Veganuary!

As well as ‘Dry January’, a lot of you have told us that you’ve tried Veganuary too!

What is Veganuary?

It involves following a vegan diet for a month. People do it for lots of different reasons including benefits to personal health; animal welfare/ethical reasons; and potential environmental benefits!

A vegan diet involves eating a variety of plant-based foods – fruits and vegetables, pulses, legumes, grains, nuts and seeds. If followed correctly, it can have a lot of health benefits! Going vegan might seem simple at first, however, friends who tried it this year reported back to us that they found it challenging! Things they found most challenging included deciding what to cook, choosing meals in restaurants and eating a balanced diet that wasn’t monotonous.

But it doesn’t have to be this way. With a little bit of planning (shopping around and trying new recipes for example), following a varied and balanced plant-based diet can be achieved.

If you do adopt a vegan diet, prior planning is important to help prevent any nutrient deficiencies. Veggie Nut created a series of fantastic infographics to help explain where you can get all the nutrients you need when you follow a vegan diet!

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So what does the evidence show about the vegan diet?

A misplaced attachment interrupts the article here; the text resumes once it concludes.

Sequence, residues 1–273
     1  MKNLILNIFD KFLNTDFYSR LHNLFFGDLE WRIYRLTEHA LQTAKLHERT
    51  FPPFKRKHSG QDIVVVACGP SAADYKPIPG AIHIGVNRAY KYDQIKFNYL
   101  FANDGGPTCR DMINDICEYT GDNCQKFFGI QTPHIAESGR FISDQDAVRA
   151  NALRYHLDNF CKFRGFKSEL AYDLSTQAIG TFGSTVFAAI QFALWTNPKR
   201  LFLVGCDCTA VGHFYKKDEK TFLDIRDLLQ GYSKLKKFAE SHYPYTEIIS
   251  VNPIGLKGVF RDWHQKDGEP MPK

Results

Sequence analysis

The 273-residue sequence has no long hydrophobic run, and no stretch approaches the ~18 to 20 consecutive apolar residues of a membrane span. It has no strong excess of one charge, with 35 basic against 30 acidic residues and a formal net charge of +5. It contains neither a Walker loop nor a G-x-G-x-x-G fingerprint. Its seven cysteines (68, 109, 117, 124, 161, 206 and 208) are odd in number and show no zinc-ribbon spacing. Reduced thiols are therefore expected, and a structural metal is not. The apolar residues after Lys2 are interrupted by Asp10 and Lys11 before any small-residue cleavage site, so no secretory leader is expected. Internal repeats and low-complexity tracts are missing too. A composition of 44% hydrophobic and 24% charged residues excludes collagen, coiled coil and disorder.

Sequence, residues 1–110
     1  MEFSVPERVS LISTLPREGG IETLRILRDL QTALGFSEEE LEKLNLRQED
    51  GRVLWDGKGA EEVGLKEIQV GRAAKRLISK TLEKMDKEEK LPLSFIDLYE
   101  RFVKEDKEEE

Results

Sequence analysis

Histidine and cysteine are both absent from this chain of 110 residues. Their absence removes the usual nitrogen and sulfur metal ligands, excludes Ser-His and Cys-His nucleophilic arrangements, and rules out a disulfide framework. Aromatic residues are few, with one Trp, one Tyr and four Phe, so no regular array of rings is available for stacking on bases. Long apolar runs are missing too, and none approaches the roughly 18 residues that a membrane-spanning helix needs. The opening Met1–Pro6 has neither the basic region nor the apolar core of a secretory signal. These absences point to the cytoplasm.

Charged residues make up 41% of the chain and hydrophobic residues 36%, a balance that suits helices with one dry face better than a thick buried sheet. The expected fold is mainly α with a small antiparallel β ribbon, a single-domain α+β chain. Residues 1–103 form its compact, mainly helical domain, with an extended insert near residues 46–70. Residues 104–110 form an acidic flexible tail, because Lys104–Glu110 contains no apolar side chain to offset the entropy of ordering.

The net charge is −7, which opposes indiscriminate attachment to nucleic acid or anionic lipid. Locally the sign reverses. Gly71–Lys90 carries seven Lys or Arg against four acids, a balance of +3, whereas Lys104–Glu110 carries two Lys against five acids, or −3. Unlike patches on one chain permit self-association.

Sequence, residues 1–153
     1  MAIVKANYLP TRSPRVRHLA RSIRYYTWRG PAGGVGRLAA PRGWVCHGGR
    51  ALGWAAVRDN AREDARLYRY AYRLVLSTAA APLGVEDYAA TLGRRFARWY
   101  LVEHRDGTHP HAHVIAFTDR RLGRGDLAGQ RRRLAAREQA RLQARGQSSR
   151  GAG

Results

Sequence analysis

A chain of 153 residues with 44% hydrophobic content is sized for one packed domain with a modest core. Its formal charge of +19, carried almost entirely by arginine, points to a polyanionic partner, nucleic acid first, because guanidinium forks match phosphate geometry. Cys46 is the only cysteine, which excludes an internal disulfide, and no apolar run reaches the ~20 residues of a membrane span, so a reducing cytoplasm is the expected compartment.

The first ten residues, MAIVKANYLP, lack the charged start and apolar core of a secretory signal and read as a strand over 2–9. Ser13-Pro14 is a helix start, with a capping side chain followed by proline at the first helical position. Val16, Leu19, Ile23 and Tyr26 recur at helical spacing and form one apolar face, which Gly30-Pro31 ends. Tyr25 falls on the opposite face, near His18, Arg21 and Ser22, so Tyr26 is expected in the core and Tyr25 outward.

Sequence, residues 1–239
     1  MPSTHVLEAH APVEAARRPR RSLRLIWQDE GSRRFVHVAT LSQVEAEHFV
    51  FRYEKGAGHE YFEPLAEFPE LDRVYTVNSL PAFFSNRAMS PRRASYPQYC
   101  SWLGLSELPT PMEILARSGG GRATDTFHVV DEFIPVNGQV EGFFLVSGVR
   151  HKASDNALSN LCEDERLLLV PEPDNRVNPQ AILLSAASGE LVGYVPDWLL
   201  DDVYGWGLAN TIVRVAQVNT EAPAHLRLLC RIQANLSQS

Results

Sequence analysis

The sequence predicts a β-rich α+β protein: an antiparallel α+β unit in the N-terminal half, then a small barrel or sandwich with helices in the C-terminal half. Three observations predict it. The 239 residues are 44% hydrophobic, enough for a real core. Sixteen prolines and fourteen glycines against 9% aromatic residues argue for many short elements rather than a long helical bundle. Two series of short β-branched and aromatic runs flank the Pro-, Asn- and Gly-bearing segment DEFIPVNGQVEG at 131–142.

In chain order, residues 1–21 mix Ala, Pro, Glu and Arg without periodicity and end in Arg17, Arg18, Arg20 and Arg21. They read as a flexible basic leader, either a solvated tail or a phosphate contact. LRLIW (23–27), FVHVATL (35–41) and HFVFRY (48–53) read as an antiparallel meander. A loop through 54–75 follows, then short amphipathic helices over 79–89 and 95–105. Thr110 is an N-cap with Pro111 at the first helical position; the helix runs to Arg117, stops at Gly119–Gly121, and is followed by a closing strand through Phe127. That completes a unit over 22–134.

Two large cohort studies have compared individuals following different dietary patterns; one is the EPIC-Oxford and the other the Adventist Health Study 2 (AHS -2).

DATA EPIC-Oxford AHS -2
Cardiovascular Disease Vegetarians, including vegans, were less likely to develop heart disease when compared to meat and fish eaters (Crowe, 2013) 42% reduced risk in male vegans, however, the opposite was true for female vegans who had an 18% increased risk when compared to non- vegetarians (Orlich, 2013)
Cancer All cancer incident rates were 19% lower among vegans when compared to health conscious non- vegetarians (Key, 2014) Vegan diets showed statistically significant protection for overall cancer incidence. (Tantamango- Bartley, 2013)
Note The values above are for all cancer sites, findings for individual cancer sites are inconclusive!
Diabetes, Type 2 Vegetarians have been shown to have lower risk. Self-reported diabetes prevalence for non – vegetarians was 7.6% compared to 2.9% for vegans, aged over 30 years. (Tonstad, 2009)

More research is needed with medically recorded diabetes with larger sample sizes!

Verdict: This is a very small sample of evidence and much more research is needed, particularly on the long-term health of vegans. There are many limitations to these studies and the consensus is that whether you decide to follow a vegan diet or an omnivorous diet it is important to remember that increasing your plant-based sources in your diet and limiting the amount of processed foods will always be beneficial! There is not enough evidence to suggest that a vegan diet is superior to any other diet balanced diet.

Do what works for you!

 

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